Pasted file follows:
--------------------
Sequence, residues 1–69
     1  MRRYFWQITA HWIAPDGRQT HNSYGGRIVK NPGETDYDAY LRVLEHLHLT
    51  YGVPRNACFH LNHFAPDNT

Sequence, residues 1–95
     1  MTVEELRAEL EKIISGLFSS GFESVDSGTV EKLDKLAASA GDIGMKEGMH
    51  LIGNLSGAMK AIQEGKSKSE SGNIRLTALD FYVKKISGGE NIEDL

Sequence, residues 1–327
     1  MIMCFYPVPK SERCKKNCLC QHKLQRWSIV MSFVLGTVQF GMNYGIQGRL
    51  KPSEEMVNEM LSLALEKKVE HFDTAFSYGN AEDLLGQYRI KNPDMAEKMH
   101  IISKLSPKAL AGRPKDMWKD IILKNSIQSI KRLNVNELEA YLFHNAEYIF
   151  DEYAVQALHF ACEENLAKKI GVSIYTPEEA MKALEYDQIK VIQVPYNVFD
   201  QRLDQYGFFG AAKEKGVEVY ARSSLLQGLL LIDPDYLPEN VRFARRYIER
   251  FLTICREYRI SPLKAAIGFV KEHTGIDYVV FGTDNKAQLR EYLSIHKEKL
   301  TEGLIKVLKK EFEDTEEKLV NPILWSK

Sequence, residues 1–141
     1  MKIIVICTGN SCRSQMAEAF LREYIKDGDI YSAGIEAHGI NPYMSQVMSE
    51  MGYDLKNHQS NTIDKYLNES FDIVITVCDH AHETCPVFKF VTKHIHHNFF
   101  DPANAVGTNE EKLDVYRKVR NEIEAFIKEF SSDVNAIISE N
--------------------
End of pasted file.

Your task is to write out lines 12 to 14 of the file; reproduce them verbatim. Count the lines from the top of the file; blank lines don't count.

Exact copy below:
   201  QRLDQYGFFG AAKEKGVEVY ARSSLLQGLL LIDPDYLPEN VRFARRYIER
   251  FLTICREYRI SPLKAAIGFV KEHTGIDYVV FGTDNKAQLR EYLSIHKEKL
   301  TEGLIKVLKK EFEDTEEKLV NPILWSK